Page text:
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[kazh-oo-uh l-tee] /ˈkæʒ u əl ti/
noun, plural casualties.
  1. a member of the armed forces lost to service through death, wounds, sickness, capture, or because his or her whereabouts or condition cannot be determined.
  2. casualties, loss in numerical strength through any cause, as death, wounds, sickness, capture, or desertion.
one who is injured or killed in an accident:
There were no casualties in the traffic accident.
any person, group, thing, etc., that is harmed or destroyed as a result of some act or event:
Their house was a casualty of the fire.
a serious accident, especially one involving bodily injury or death.
Origin of casualty
late Middle English
1375-1425; casual + -ty2; replacing late Middle English casuelte, equivalent to casuel (see casual) + -te -ty2
Can be confused
casualty, causality, causation, cause (see synonym study at cause) Unabridged
Based on the Random House Dictionary, © Random House, Inc. 2015.
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Examples from the web for casualties
  • It is likely that both sources underestimate the true number of civilian casualties.
  • Two more fires broke out during later missions, though without casualties.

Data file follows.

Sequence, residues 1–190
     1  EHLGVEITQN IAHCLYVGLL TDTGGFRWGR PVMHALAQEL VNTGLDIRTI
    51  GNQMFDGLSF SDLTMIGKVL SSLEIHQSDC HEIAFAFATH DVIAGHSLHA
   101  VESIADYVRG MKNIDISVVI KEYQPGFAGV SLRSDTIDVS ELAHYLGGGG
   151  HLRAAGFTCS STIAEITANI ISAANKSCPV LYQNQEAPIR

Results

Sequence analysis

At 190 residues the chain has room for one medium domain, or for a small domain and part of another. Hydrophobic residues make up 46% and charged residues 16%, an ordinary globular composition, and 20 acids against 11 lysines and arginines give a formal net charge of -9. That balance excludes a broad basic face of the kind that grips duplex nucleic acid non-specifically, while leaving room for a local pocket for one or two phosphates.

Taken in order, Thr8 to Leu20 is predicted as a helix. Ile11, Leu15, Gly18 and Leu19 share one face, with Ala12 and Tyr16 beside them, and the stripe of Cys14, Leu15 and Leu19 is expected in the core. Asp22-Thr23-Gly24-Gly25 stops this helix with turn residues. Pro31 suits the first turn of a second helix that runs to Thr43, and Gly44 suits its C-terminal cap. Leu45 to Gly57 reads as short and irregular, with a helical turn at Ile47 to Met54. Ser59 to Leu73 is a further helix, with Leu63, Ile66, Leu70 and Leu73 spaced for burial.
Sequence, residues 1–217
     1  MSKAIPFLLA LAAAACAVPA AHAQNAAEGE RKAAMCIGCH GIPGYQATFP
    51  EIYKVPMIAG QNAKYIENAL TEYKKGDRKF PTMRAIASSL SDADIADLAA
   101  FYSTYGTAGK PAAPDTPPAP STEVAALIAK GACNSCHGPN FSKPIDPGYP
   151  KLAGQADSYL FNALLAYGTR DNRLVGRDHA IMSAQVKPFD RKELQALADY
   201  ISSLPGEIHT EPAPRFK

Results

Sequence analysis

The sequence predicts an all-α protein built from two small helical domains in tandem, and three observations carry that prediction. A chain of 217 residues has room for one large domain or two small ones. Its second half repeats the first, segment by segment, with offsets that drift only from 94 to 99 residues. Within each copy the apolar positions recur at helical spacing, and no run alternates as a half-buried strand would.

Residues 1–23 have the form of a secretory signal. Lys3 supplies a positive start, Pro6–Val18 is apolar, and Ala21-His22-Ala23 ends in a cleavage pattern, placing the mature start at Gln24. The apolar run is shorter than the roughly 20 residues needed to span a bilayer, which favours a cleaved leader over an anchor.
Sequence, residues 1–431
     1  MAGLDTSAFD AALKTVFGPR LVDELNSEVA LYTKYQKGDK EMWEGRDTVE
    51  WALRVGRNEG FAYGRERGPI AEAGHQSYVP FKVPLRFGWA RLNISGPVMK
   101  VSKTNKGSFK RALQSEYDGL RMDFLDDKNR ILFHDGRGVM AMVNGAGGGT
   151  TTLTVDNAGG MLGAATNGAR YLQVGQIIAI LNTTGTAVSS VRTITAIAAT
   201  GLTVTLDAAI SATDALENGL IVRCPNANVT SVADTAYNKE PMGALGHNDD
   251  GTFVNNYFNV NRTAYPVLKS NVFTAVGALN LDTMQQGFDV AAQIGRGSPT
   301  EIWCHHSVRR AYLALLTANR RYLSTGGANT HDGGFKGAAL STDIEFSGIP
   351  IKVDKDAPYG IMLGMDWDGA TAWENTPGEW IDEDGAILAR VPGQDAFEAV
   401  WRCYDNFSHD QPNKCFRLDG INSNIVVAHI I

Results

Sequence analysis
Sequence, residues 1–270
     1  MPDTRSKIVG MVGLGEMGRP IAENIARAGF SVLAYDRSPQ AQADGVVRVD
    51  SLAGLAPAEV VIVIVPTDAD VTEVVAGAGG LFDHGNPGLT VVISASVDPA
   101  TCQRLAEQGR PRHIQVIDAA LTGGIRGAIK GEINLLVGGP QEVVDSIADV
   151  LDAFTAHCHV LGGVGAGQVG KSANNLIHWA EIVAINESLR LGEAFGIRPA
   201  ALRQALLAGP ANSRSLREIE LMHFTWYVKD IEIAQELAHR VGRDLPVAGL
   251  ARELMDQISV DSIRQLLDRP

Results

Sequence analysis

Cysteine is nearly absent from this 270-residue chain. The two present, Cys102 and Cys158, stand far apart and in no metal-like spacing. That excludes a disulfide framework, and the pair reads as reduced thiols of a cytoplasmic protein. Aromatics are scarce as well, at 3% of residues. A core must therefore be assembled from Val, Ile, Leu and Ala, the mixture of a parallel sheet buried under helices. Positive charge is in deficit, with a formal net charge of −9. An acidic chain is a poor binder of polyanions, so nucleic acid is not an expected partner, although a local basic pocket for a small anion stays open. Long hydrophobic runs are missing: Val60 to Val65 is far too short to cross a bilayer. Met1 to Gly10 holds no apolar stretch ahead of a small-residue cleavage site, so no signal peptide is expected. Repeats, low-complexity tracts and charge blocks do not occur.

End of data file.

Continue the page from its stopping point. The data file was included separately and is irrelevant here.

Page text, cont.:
• It will not be long before the only casualties of war are civilians.
  • Dozens of casualties taught them to be more careful.
  • Some educators said that fact may have spared campuses from heavy casualties.
  • But even these attacks have often resulted in casualties to bystanders.
  • Deaths are estimated in the hundreds, casualties in the thousands.
  • Army is working on a new manual for preventing civilian casualties.
  • In combat, all casualties taken by your unit are tragedies.
  • In the past, a ship full of plague casualties could be turned away from port.
British Dictionary definitions for casualties


noun (pl) -ties
a serviceman who is killed, wounded, captured, or missing as a result of enemy action
a person who is injured or killed in an accident
a hospital department in which victims of accidents, violence, etc, are treated
anything that is lost, damaged, or destroyed as the result of an accident, etc
Collins English Dictionary - Complete & Unabridged 2012 Digital Edition
© William Collins Sons & Co. Ltd. 1979, 1986 © HarperCollins
Publishers 1998, 2000, 2003, 2005, 2006, 2007, 2009, 2012
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Word Origin and History for casualties



early 15c., "chance, accident; incidental charge," from casual (adj.) on model of royalty, penalty, etc. Casuality had some currency 16c.-17c. but is now obsolete. Meaning "losses in numbers from a military or other troop" is from late 15c. Meaning "an individual killed, wounded, or lost in battle" is from 1844.

Online Etymology Dictionary, © 2010 Douglas Harper
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